There are clearly many educational applications for students on a variety of levels that can enhance student engagement which is a big deal. My first thought was for students involved in marketing and advertising. Getting to know this type of mobile marketing is critical to their portfolio development. After reading several articles from Kathy Schrock’s Guide to Everything blog (http://bit.ly/Xldwxg), educational applications for QR codes became even more obvious. For example, college libraries are using QRs for book renewals or to help freshmen get around campus. What really democratizes education, is that there is a website to even out the playing field for students who do not have smartphones. Go to http://snapmyinfo.com/ and follow the directions that will land you a QR code.  On a personal note, for my internet education business which serves students with learning diabilities, I am going to start to use QRs to cut down on website page clutter and reduce frustration to find a specific website. They will also make time usage more efficient for my students. For my strategic educational consulting business, QRs also have a significant place. I can create them for college level recommendations and share directly with the student. They can weigh in pretty quickly whether or not they want to pursue a particular school. On a more creative note, my colleague and I are hired for special needs private school analyses, and QRs can be part of the marketing campaign solution to increase enrollment for a coming year. Using mobile commerce marketing stirs the competition pot between charter, public and private schools that can help attract new customers.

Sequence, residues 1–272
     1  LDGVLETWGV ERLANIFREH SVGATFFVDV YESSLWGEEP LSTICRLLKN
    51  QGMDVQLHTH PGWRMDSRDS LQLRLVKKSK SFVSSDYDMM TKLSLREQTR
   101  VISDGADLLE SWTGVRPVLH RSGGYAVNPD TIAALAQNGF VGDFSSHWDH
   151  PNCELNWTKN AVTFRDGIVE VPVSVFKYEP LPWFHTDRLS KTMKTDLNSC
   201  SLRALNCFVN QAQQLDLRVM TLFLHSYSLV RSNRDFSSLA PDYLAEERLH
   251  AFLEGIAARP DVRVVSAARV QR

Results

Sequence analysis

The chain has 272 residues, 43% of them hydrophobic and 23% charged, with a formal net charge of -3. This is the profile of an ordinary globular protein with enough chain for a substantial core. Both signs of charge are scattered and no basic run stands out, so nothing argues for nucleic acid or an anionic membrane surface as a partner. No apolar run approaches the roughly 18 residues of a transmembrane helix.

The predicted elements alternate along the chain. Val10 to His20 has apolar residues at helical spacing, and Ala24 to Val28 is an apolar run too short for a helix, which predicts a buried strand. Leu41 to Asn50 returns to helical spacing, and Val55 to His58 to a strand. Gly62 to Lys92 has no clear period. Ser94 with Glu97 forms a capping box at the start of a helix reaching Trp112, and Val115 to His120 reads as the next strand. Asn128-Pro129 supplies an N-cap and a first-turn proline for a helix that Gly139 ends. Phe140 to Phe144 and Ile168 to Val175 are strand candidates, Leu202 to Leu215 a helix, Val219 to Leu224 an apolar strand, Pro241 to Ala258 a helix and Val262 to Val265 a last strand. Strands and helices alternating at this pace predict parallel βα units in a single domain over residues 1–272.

I have not worked with bookmarklets like The Printliminator or Quietube before. That was just plain fun. Clearly, these two have the most obvious educational advantages. Printliminator also offers another vantage point. When I applied it to my company’s website, I discovered the advantage of editing from a different perspective. When the eye candy is eliminating, my concentration was sharper. Quietube offers the same value – less visual distractions. This is simply remarkable. I will absolutely apply this type of technology on my new site or YouTube searches with my students. I also like the versatility of creating URL shortners with Quietube to email the “edited” video to students or colleagues. What I find so fascinating about these two particular bookmarklets, is there ease and user friendliness. To me these two bookmarklets are so logical and sensible.